Inflammatory liver disease is second only to hepatic lipidosis as a cause of hepatobiliary disease in cats in the United States. Inflammatory liver diseases have been traditionally classified by their cellular infiltrate and pattern of distribution.
Inflammatory liver disease is second only to hepatic lipidosis as a cause of hepatobiliary disease in cats in the United States. Inflammatory liver diseases have been traditionally classified by their cellular infiltrate and pattern of distribution. The inflammatory cells involved are primarily neutrophils, lymphocytes and plasma cells which led to the descriptors neutrophilic, lymphocytic or lymphoplasmacytic. The cells may be found within the bile ducts, the epithelial cells lining the bile ducts, the hepatic parenchyma, and the gall bladder. These patterns of distribution have led to the use of the terms cholangitis, cholangiohepatitis and cholecystitis. Current classification schemes developed by the WSAVA Liver Standardization Group have led to the use of neutrophilic cholangitis and lymphocytic cholangitis to define the two major forms of inflammatory liver disease seen in the cat. Cholangitis less commonly consists of a mixed cellular infiltrate including neutrophils, lymphocytes, plasma cells, and occasional eosinophils. This mixed cholangitis is believed to be a more chronic form of neutrophilic cholangitis.
There does not appear to be any breed or sex predisposition in the development of inflammatory liver disease although some of the original reports suggested that the disease was more common in Persians. Neutrophilic cholangitis is more common in older cats and lymphocytic cholangitis is more common in younger cats.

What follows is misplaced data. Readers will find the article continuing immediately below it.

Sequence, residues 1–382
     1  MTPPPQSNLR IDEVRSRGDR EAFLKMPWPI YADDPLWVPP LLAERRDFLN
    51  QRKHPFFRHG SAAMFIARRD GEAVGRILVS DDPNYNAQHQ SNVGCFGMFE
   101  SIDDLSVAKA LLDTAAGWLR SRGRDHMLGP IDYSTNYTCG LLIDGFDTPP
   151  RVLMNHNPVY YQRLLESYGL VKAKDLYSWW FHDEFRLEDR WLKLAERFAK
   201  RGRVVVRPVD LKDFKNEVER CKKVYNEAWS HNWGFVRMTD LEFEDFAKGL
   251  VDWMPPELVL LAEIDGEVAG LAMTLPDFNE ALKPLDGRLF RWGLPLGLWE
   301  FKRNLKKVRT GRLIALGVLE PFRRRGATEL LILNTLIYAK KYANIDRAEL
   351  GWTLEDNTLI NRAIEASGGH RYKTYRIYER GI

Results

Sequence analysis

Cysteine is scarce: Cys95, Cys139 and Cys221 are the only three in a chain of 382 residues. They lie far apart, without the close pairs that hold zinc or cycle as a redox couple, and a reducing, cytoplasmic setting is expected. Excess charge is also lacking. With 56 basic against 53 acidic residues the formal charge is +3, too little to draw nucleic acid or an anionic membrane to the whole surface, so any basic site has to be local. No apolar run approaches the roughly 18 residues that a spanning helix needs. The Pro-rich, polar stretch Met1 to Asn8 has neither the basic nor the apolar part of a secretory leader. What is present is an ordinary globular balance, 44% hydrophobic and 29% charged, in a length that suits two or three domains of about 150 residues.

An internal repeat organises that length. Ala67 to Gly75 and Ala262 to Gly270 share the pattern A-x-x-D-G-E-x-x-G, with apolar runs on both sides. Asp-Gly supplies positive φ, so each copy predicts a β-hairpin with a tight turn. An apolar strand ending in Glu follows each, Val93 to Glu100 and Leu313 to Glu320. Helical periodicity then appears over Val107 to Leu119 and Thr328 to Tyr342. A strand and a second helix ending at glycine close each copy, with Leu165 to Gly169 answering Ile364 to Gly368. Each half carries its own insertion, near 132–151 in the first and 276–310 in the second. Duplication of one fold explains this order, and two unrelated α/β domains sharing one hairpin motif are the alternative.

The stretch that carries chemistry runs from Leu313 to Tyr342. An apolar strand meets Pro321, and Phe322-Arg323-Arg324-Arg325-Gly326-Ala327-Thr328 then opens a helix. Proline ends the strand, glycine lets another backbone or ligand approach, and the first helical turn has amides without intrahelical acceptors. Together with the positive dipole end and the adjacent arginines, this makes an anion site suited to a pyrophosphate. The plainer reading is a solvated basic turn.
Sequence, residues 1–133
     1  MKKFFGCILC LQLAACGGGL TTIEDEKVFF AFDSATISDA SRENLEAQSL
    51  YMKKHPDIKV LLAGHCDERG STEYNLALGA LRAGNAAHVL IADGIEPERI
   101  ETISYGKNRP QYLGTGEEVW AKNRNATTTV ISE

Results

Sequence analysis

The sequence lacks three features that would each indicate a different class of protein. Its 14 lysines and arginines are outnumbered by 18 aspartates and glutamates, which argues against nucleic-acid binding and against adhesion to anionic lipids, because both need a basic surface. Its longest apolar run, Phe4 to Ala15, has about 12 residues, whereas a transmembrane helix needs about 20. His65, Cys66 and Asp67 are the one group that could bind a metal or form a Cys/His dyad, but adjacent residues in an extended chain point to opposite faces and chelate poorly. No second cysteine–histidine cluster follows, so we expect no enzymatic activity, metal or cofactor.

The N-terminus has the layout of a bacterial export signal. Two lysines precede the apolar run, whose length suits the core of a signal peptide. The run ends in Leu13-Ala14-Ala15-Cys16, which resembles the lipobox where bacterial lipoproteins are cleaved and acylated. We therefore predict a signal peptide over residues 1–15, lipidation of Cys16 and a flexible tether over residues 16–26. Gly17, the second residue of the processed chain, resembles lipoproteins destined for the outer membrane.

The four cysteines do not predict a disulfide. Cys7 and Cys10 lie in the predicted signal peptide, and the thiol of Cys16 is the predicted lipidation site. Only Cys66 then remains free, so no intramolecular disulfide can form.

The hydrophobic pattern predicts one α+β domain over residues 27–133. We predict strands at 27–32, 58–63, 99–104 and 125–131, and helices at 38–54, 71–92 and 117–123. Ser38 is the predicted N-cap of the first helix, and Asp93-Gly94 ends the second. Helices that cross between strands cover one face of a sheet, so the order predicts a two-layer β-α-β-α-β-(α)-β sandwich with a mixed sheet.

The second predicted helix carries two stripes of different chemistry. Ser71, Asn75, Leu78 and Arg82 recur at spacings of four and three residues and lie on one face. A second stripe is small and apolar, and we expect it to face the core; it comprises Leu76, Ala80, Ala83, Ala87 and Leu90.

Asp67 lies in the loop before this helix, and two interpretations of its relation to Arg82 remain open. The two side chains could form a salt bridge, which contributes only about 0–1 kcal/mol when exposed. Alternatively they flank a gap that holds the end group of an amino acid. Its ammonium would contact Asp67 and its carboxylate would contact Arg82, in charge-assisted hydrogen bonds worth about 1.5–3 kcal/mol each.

Neutrophilic cholangitis is believed to be due to bacterial infections originating from the gastrointestinal tract. Staphylococcus spp, E. coli and anaerobes are most commonly isolated. Most cases of lymphocytic cholangitis are idiopathic. Inflammatory bowel disease and pancreatitis have been associated with neutrophilic and lymphocytic cholangitis in cats. Helicobacter spp. have also been found in the bile and biliary ducts of a small number of cats with cholangitis. Liver flukes (Metorchis conjunctus, Parametorchis complexum, Platynosomum concinnum) have been associated with the development of cholangitis in the cat.
Clinical signs in cats with neutrophilic cholangitis are more acute and severe. Signs include lethargy, anorexia, vomiting, abdominal pain, icterus, and fever. Lymphocytic cholangitis tends to be more chronic with mild non-specific signs noted initially that become more severe and apparent as the disease progresses. Initially there may be mild weight loss that goes unnoticed followed by intermittent decreases in appetite, vomiting, diarrhea, and icterus. Some cats with lymphocytic cholangitis develop polyphagia, generalized lymphadenopathy and hepatomegaly. Ascites is uncommon but may occur due to portal hypertension in more chronic forms of lymphocytic cholangitis with extensive fibrosis, cirrhosis or sclerosing cholangitis. Acholic feces are also uncommon in cats but suggest complete obstruction of the common bile duct or severe sclerosing cholangitis.
The hemogram may be unremarkable or a neutrophilia and lymphopenia may be seen with lymphocytic cholangitis. A neutrophilia with a left shift may be present with neutrophilic cholangitis. Occasionally there may be changes in RBC morphology that are most likely due to the effects of abnormalities in phospholipid and cholesterol metabolism on cell membranes. Anemia may occur due to decreased red blood cell survival, chronic disease or chronic intestinal bleeding. Liver enzyme elevations are common.